Pariws: Maison Sedille - Euc. Unsworth. 1888. A splendidly lavish collection of 520 Art Nouveau-Belle Époque fabric sample swatches including lace, embroidery,brocade, Passementerie, etc. laid-down upon 98 Large Folio pages. Sample sizes range from 500mm x 190mm to 100mm x 70mm (19" x 7" - 4" x 3"). 98pps. Large Folio. 14" x 21" (357mm x 533mm) Bound in cloth covered boards. Large gilt-ruled title label to spine.
Art Nouveau design penetrated into all types of modern, luxury European decorative arts. Its undulating vegetal curves and graceful floral swirls were also a design gift to the Parisian couturiers and until about 1908 or 1909 art nouveau style was energetically appropriated for seasonal, high-fashion use. Women's fashion featured tightly fitting bodices with very narrow sleeves and high necklines, often trimmed at the wrists with white frills or lace. At the beginning of the 1880's the emphasis was at the back of the skirt, featuring ruching, flouncing, and embellishments such as bows and thick, rich fabrics and trims. The middle of the decade saw a brief revival of the bustle, which was so exaggerated that the derriere protruded horizontally from the small of the back. By the end of the decade the bustle disappeared. Hair was worn in tight, close curls on the top of the head. Hats and caps were correspondingly small and neat, to fit on top of the hairstyle.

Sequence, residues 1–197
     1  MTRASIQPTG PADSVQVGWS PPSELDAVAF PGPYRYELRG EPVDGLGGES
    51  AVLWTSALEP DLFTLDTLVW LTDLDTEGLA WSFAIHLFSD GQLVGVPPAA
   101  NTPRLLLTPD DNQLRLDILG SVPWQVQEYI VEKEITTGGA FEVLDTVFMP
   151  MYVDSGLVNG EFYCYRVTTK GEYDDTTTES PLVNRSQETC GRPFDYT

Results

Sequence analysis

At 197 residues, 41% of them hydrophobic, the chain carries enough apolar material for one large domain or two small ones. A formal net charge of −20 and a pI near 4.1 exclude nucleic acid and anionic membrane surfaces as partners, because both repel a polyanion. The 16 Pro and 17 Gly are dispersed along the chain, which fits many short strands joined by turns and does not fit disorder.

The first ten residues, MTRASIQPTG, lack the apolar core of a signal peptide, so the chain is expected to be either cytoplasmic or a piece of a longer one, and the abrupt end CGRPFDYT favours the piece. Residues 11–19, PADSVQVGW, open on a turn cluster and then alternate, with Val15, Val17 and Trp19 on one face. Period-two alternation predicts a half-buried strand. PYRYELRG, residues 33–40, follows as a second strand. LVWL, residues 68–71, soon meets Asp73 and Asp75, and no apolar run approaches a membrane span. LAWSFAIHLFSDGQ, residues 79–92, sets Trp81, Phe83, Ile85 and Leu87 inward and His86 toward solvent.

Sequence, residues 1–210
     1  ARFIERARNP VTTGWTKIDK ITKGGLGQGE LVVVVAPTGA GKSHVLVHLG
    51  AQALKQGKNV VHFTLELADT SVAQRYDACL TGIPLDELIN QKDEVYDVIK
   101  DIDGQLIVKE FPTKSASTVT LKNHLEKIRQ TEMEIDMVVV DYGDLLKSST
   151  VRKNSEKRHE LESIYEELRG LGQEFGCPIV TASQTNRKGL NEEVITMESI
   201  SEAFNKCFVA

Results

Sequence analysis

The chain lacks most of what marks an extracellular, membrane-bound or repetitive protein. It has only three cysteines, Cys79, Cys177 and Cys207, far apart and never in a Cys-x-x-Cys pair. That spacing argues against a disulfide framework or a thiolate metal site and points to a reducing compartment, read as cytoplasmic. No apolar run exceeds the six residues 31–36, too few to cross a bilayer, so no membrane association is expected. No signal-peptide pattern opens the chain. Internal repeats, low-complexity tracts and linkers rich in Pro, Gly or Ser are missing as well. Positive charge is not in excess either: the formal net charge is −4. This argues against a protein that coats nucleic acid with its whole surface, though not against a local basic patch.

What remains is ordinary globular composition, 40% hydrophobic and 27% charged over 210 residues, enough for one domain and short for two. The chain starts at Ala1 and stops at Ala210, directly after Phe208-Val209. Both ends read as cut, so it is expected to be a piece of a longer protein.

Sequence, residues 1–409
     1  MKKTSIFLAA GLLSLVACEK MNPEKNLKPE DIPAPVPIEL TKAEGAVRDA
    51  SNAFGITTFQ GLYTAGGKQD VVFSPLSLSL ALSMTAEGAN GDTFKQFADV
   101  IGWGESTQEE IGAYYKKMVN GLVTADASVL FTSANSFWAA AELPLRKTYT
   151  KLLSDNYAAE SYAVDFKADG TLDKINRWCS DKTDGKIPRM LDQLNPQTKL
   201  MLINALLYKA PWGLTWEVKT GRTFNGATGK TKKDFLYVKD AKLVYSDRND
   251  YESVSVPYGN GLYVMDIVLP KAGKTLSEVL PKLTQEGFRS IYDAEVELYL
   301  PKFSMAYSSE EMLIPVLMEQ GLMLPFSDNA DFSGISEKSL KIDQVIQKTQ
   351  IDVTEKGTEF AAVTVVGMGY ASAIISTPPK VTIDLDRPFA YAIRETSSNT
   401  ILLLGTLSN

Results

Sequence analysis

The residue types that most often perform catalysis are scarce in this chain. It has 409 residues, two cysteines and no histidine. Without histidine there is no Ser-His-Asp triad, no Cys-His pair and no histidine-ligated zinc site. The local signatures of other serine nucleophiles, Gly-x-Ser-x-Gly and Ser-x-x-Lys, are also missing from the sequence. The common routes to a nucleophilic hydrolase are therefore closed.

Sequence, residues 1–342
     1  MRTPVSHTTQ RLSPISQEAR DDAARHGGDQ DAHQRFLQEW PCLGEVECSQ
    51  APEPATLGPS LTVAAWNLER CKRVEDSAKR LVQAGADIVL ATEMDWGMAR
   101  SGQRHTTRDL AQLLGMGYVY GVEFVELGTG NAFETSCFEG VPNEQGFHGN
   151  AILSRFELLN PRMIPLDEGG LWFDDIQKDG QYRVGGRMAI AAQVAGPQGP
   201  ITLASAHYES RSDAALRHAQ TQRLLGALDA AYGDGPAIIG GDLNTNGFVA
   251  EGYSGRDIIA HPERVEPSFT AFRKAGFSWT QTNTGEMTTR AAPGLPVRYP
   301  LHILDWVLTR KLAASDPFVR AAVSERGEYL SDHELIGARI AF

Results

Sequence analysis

Evening garments were the most lavishly attuned to art nouveau. Couturiers swathed their evening wear with a profusion of silk brocade, appliqué, embroidery, and lace. From neckline to hem, the designers played art nouveau swirls around the voluptuousness of the fashionable figure, which itself was curvaceously shaped by "S"-bend corsets. Even tailored woolen walking costumes were trimmed with swirlings of appliqué. By 1907-1909, the style's popularity had waned, replaced by a more upright figure styled with a geometric simplicity drawn from the Vienna Werkstatte.Unrivaled elsewhere in the Western world, Paris couturiers dressed the women of international royal courts and high society including in Japan and tsarist Russia, the wives of the wealthiest international plutocrats, and the great actresses of the Paris stage. Commercial clients already included the grandest department stores at an international level.
The art nouveau "look" was at the cutting edge of modern style. Only the most fashionable wore it in its fullest manifestation, while others preferred moderated versions. These styles were spread internationally through fashion journals, such as Les Modes and down through middle-class oriented magazines such as The Ladies Field and La Mode illustrée.
Hinges split and loosened along gutter cloth but still attached (Front board more tender than Rear board which is ver well attached. Remnants stubs of ribbon ties to ftont edge. Usual rubbing and wear to covers. Corners bumped. Usual scattered toning, marginal chips and tears to pages throughout. Fabric swatches in beautiful condition, with only very few presenting noticeable damage beyond ususal creases and folds from weight of the pages. Considering this was a working catalogue , a lovely collection cased in a somewhat delicate binding.